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Which Running Shoes Are Best For Me

Running is blissfully simple in essence so if you're serious about getting into it then the most important piece of kit you're going to need is a really good pair of running shoes. The Running Bug spoke to Jimmy Michael and Giles Gyer directors of Osteon physical therapy to find out more.

As exciting as buying your running shoes might be, choosing the best pair for you does not mean going to your nearest sports store chain and buying the most expensive pair on the shelves. It means understanding what foot type you have and buying the right kind of trainer for you.

Remember that your running shoes will not be the same as your casual trainers. The foot moves a lot when you're running so you need a shoe to accommodate this otherwise you could end up with a whole host of complaints from injuries to black toenails. Despite some seeing the latter as a badge of honour, it's not going to help you keep running in the long term.

"Some people say 'Train through the pain' but I disagree," says physical therapist Jimmy Michael. "You might manage a marathon if you run through the pain but you might never want to run one again."

The best thing you can do is go to a dedicated running shop or visit a specialist like Osteon and have your running style, known as gait, analysed. That way you'll be sure to have the right shoe. However, if you want to understand what foot type you have so you're not going in blind, here's an explanation.

Different foot types

1. Normal foot (natural pronation)

Biometrically sound, the foot plants with the outside of the heel then the pressure moves forward up the outside of the foot, rolling inwards before finishing the movement, or gait, by pushing off with the big toe.

Shoe type for normal feet: Stability

If you have this foot type it's just as important to get the right shoe as with any other foot type. If you get a shoe designed to adjust over or under pronation you'll end up working against your body's natural gait and cause yourself an injury. The type of shoe needed for the normal foot is commonly known as a 'stability' type. "If you walk around all day in shoes that don't correctly support your foot - the ballet slipper worn by some women being an example - then you are eventually going to find you develop pain in your feet, ankles and calves," says Jimmy.

2. Flat foot (over pronation)

Commonly known as 'Flat foot', this foot type usually causes over pronation where the foot rolls too far to the inside. The flat foot leaves a full imprint of the shape of the foot, without any arch, on the floor. As with the normal foot type the running form starts with the heel landing first but the foot lands more squarely and rolls inwards, which is known as 'over pronation'. This causes a lack of stability as the ankles and knees have to work to correct the problem and also means the large and second toe are being overworked.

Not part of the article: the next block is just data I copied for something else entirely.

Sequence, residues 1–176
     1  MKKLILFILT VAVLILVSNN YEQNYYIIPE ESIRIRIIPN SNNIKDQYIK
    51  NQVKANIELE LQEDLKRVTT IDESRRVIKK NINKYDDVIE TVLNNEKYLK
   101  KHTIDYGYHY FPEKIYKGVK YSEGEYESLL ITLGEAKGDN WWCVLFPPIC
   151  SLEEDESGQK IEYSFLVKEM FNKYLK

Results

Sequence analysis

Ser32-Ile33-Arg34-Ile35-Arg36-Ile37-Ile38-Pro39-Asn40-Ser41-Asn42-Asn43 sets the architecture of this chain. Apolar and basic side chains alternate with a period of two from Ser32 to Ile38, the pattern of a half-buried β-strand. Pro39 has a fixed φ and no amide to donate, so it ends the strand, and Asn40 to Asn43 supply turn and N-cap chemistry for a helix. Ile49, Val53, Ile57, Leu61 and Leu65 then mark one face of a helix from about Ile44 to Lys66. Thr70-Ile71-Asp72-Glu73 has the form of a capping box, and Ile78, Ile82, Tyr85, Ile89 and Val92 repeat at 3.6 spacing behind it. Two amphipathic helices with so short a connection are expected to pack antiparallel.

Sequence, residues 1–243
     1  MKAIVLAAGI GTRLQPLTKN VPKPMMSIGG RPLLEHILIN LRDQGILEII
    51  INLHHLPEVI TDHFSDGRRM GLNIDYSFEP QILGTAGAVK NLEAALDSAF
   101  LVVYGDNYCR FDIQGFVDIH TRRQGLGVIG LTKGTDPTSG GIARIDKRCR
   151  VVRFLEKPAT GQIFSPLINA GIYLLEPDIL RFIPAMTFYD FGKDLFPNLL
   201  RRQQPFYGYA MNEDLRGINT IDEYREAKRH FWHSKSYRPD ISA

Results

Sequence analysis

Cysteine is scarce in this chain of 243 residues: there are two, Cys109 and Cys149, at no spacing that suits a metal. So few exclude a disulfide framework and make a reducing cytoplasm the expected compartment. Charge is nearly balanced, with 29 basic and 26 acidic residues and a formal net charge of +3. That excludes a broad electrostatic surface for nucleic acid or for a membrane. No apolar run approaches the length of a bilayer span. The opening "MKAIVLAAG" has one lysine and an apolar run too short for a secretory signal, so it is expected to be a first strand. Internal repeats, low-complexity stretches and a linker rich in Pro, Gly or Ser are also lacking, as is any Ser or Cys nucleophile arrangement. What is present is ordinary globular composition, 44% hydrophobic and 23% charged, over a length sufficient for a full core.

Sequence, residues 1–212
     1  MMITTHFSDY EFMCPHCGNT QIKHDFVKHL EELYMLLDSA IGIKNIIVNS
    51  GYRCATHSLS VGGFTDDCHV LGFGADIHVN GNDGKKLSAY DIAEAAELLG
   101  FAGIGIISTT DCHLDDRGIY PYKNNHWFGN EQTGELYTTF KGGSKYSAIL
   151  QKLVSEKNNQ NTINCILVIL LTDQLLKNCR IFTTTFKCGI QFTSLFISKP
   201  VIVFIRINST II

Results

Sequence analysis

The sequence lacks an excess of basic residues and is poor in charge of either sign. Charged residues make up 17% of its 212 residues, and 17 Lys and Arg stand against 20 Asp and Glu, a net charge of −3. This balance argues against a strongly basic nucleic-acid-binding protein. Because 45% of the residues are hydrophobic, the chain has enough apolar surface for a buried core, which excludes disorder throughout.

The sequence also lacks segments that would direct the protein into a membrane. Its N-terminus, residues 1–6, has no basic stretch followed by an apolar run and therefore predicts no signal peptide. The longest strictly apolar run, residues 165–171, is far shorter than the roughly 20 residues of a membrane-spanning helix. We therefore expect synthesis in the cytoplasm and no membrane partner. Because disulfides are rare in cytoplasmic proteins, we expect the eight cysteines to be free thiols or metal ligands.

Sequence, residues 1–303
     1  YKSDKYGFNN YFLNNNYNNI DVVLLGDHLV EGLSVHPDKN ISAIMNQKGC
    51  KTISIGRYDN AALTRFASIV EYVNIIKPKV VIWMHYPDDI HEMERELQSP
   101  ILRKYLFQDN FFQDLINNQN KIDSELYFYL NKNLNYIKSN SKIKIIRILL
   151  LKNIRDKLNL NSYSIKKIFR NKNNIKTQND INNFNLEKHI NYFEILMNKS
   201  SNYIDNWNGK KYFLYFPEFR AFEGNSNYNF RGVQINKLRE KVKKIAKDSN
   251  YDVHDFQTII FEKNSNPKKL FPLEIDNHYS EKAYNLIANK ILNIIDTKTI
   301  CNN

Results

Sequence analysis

Shoe type for flat feet/over pronation: Motion Control

For this type of foot you need a shoe with an inner arch, also known as a motion control shoe, that supports the foot and spreads the pressure evenly. "By giving extra support to the inner arch your foot is supported and won't slam down, which will lead to injury," says Giles.

3. High arch (under pronation)

This type of foot looks to the naked eye like the normal foot, but the key difference is that the arch is too large. While the pronation of the foot starts at the heel in the same way as for a normal foot and progresses up the outside of the foot towards the toe, there is not the same amount of roll towards the inside of the foot so the runner pushes more from the smaller toes and is therefore less efficient.

Shoe type for high arch/under pronation: Cushioned Shoe

You need a shoe that will provide support for your foot arch. The correct trainer type is commonly known as 'cushioned' and will help correct under pronation.

Buying your running shoe

When buying your running shoe, there's no substitute for getting an expert's eye to analyse your gait; that way, you're sure you've got just the right shoe for you and greatly reduce the chances of getting common running injury like runners knee and problems relating to the ankles and hips.

Speak to professionals who can provide a detailed computer analysis of your gait and help with any injuries or discomfort (visit Osteon for more information) or go to a decent running shoe shop where they will do an analysis for you.

Which shoe to choose?

Visit the Running Bug's Running Gear Reviews section to see what shoes get the thumbs up from us. Got a question? Why not ask the Running Bug's members in our Running Forums. If you're ready to start running, then check out our Running Training Plans.


  • Don't buy a shoe just because it's expensive; it's not necessarily the right shoe for you
  • Buy a trainer half a size to a size larger than your normal shoe to accommodate foot movement and swelling during running
  • Comfort is crucial, but make sure someone qualified analyses your gait in that trainer